Relative Significance of Direct Ingestion and Adult-Mediated Translocation of Bait to German Cockroach (Dictyoptera: Blattellidae) Nymphs

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Abstract:

A novel experimental design that selectively excluded feeding of adults or nymphs on insecticidal baits was used to distinguish mortality caused by ingestion of bait from mortality caused by horizontal transfer of insecticide by foraging to non foraging cockroaches. In large cage laboratory assays and in apartments, exposure of Blattella germanica (L.) to an insecticidal bait containing hydramethylnon resulted in high mortality in adult females and 1st instars. However, exclusion of adult females from feeding on the bait resulted in a significant decline in mortality among nymphs, suggesting that neonate mortality was caused primarily by adult-mediated horizontal toxicant transfer through feces. A reciprocal experiment provided support for this hypothesis: Adult females with access to bait transferred insecticide to neonates that were prevented from feeding on bait, resulting in high mortality in both groups. Conversely, mortality among 2nd instars was high and significantly less dependent on adult foraging, suggesting a shift to active foraging (i.e., direct ingestion of bait) during the 2nd stadium. We conclude that horizontal toxicant transfer is a key factor in suppression of cockroach pest populations. Small nymphs, especially 1st instars, which forage infrequently and are therefore least vulnerable to direct contact with insecticides, are most susceptible to this type of insecticide translocation. Horizontal toxicant transfer should be optimized to deliver insecticides and pathogens to nonforaging stages of B. germanica.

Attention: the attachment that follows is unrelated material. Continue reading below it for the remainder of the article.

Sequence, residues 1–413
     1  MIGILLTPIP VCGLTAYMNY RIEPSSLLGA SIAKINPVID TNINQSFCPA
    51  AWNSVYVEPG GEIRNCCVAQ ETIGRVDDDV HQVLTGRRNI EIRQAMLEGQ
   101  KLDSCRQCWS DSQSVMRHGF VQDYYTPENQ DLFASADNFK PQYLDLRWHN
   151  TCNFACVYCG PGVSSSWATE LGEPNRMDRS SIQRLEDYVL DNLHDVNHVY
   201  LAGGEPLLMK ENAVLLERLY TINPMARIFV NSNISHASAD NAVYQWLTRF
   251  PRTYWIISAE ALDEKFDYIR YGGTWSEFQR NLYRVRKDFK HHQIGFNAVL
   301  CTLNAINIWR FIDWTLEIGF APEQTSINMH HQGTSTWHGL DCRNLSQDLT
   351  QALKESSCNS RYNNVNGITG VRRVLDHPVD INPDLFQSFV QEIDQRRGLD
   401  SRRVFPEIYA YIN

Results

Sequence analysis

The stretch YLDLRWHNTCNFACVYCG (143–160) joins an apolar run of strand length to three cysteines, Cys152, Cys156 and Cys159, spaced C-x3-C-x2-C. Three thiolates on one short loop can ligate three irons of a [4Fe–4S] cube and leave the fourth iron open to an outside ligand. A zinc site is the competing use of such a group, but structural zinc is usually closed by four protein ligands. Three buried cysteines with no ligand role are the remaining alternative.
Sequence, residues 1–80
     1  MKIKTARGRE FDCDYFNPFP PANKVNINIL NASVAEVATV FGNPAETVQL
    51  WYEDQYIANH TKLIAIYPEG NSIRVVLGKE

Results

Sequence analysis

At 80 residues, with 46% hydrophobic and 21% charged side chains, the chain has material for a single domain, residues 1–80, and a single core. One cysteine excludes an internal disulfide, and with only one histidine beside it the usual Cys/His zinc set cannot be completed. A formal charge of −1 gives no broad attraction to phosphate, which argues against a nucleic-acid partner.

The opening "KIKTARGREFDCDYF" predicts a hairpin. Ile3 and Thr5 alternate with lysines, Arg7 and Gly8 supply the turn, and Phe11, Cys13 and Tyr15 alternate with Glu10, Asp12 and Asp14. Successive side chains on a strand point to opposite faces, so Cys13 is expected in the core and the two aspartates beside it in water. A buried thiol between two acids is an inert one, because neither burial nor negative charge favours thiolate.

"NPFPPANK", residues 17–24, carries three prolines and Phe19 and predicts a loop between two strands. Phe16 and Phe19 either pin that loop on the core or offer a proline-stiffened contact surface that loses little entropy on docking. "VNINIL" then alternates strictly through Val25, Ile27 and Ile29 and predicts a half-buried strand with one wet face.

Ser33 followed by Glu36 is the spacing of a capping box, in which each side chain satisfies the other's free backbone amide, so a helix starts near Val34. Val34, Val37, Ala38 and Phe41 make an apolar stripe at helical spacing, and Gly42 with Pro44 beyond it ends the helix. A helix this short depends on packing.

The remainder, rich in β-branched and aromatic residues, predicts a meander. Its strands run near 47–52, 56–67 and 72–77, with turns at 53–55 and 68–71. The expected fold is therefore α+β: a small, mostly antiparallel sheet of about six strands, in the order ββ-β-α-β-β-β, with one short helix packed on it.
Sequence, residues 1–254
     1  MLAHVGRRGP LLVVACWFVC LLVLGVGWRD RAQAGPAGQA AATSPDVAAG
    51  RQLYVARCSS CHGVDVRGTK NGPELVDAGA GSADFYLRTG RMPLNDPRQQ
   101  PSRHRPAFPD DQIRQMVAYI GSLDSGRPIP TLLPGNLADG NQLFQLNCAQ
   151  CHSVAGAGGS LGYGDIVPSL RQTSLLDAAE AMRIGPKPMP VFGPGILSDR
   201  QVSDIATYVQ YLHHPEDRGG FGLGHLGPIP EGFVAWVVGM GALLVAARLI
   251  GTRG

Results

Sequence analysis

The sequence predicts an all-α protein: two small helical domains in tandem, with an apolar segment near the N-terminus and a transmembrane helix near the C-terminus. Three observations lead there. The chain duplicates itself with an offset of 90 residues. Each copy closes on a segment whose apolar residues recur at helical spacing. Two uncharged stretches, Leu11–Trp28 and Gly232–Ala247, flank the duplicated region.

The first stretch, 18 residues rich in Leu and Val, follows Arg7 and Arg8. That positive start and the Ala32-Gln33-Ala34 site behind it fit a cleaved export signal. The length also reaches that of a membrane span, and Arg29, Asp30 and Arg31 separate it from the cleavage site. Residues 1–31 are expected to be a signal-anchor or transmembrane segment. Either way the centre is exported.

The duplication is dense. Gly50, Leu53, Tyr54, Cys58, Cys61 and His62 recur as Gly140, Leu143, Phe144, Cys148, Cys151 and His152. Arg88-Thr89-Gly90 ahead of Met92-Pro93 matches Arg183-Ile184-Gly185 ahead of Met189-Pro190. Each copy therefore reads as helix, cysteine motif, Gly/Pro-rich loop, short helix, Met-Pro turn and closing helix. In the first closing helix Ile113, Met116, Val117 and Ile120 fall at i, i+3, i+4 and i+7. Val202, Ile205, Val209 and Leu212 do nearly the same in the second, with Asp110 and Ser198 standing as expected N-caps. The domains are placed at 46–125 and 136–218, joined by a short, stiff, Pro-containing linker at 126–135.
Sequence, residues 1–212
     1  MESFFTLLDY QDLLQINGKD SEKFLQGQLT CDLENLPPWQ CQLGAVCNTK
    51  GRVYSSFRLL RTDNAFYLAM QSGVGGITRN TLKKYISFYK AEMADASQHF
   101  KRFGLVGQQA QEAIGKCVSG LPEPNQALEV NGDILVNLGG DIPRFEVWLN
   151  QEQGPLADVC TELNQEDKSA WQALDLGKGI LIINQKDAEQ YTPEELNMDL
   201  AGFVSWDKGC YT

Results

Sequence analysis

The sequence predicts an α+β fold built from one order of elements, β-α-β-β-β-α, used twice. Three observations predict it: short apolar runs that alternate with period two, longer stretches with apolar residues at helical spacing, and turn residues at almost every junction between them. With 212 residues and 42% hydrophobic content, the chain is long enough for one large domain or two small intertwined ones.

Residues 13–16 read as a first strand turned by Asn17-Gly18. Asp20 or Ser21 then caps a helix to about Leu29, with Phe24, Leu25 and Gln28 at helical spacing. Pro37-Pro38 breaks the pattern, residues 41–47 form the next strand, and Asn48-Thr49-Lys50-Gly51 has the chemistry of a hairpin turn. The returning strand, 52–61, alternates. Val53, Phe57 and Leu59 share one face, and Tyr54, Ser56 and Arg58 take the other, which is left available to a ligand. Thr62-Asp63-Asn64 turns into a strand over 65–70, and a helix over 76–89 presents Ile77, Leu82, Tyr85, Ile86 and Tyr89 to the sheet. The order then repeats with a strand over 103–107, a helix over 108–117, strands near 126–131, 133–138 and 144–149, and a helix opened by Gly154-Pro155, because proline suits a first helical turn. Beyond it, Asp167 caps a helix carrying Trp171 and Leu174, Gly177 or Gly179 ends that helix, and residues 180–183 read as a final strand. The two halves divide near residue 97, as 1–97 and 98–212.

Document Type: Research Article

Publication date: October 1, 1997

More about this publication?
  • Journal of Economic Entomology is published bimonthly in February, April, June, August, October, and December. The journal publishes articles on the economic significance of insects and is divided into the following sections: apiculture & social insects; arthropods in relation to plant disease; forum; insecticide resistance and resistance management; ecotoxicology; biological and microbial control; ecology and behavior; sampling and biostatistics; household and structural insects; medical entomology; molecular entomology; veterinary entomology; forest entomology; horticultural entomology; field and forage crops, and small grains; stored-product; commodity treatment and quarantine entomology; and plant resistance. In addition to research papers, Journal of Economic Entomology publishes Letters to the Editor, interpretive articles in a Forum section, Short Communications, Rapid Communications, and Book Reviews.
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